x Abu Dhabi, UAEFriday 19 January 2018

Everest guides deserve respect

Last week’s avalanche at the Earth’s highest peak, the deadliest disaster in mountaineering history, revealed the pittance that Sherpas and their survivors are paid for undertaking a dangerous and often demeaning job, writes Kevin Hackett

The Sherpas (Illustration by Kagan Mcleod)
The Sherpas (Illustration by Kagan Mcleod)

“Everest closed for business” has to rank as one of the headlines of the year, doesn’t it? The world’s biggest cash register has, for the moment at least, stopped ringing and the human rights of Sherpas – the people who do the really hard work during any attempt at Everest’s peak – are now firmly under the world’s spotlight. The Sherpas have had enough and, until their demands are met, they’re not going anywhere,

Their discontent is perfectly understandable. A week ago today, 16 of the mountain guides perished during an avalanche that crashed down on an area just above Everest’s base camp, which is situated at an altitude of some 5,800 metres above sea level. It is the worst disaster in modern mountaineering history. Sherpas know full well that theirs is an incredibly dangerous job and, during the three-month-long climbing season on the mountain, the more experienced ones earn up to the equivalent of Dh29,000. To put that into some perspective, the national minimum wage in Nepal works out at Dh3,960 (that’s per year), so the rewards are viewed as high.

The actual income received by Sherpas, when one considers the risks involved and the unimaginable hardships they go through, is still pitiful, but that’s not the issue causing them to down tools and commence what’s tantamount to industrial strike action. The bone of contention is the payout to surviving family members when a Sherpa is killed during an expedition (a million rupees sounds like a lot, but actually works out at Dh37,300), from the insurance policies their employers are required by law to have in place. The ultimate collective slap in the face for the Sherpas, however, was when the Nepalese government offered Dh1,500 to the families of those who perished last Friday, to cover their funeral costs.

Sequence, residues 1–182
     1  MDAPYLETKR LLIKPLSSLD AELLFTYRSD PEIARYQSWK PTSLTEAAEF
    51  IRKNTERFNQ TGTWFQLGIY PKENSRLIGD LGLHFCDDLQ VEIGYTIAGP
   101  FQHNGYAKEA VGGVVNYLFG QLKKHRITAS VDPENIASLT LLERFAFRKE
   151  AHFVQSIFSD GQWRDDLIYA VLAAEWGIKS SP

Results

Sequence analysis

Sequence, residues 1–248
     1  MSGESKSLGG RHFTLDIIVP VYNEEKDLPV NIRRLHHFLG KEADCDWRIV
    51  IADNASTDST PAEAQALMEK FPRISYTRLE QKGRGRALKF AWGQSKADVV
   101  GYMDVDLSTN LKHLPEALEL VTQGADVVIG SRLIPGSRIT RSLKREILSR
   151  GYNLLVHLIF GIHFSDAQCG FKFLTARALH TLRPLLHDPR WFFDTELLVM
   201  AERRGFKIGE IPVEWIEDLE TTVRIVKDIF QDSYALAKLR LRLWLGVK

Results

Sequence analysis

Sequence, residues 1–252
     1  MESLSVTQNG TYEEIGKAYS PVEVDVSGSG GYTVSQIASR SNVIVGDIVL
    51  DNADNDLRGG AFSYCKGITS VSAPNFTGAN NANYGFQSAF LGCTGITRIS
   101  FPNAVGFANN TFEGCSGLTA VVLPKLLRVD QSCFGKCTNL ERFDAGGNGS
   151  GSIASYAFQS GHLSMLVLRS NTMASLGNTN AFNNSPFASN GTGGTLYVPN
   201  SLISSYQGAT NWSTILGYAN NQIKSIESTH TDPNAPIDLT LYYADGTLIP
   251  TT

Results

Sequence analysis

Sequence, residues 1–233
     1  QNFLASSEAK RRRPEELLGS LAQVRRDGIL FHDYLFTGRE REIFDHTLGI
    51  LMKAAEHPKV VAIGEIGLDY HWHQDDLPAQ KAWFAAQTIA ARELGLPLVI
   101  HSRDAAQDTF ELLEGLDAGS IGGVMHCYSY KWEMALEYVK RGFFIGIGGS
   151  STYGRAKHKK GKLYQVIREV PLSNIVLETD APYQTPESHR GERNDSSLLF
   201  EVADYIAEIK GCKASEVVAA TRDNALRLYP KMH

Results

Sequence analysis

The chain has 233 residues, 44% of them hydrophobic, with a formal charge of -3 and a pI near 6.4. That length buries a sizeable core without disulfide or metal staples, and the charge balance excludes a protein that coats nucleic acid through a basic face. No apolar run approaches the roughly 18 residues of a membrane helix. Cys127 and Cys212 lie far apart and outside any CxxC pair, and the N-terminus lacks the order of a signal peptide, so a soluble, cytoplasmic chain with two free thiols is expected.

Everest is a perpetual cash cow for Nepal’s government and the Sherpas are well aware of this. Consider, for a few seconds, the sums involved. This year alone, more than 700 individuals have signed up for expeditions to Everest’s summit and each one will have paid somewhere in the region of Dh370,000 for the privilege – 10 per cent of which goes to the authorities for permission fees. That means an income of Dh25,690,000. For them to offer a paltry Dh24,000 to cover all funeral costs for the families of those dead Sherpas was, perhaps, the final straw for them.

Tensions have been running high for some time now. A year ago, three western climbers had to abandon their attempt after a mob of 100-or-so Sherpas attacked them near Camp 2. One of the trio, a Brit named Jon Griffith, told The Guardian: “We were terrified, but we knew if we ran they would be after us. We got kicks and punches and Ueli [Steck, a Swiss] got a rock in the face. One of the Sherpas pulled a knife on Simone [Moro, an Italian], but he managed to turn and the knife hit his hip belt. There was a 50-minute period where we all thought we were going to get stoned to death.” The reason for this outpouring of anger? Words had been exchanged between Moro and a Sherpa higher up the mountain, with Moro using an unrepeatable insult in anger.

After returning to base camp, Griffith said he had been talking to commercial expedition leaders and Sherpa community leaders about what happened.

“There’s an underlying feeling among the Sherpas that they’ve been treated quite badly by westerners and that clients don’t have any respect for them. If you look around at how incredibly luxurious some base camps are, you can see their point,” he said. “This is 10 or 20 years of frustration spilling out. Mob rule shouldn’t happen anywhere, let alone Everest, but something needs to change.”

Not many people would argue with that sentiment, for Everest has become an extremely crowded place in recent years and, just maybe, the mountain could do with a few years’ rest. It’s littered with human bodies, human waste, empty water bottles, oxygen tanks, discarded climbing equipment and camping gear – so much so that this year the Nepalese authorities made it a condition that any climber venturing beyond base camp must bring back 8 kilograms of litter with them, excluding their own refuse.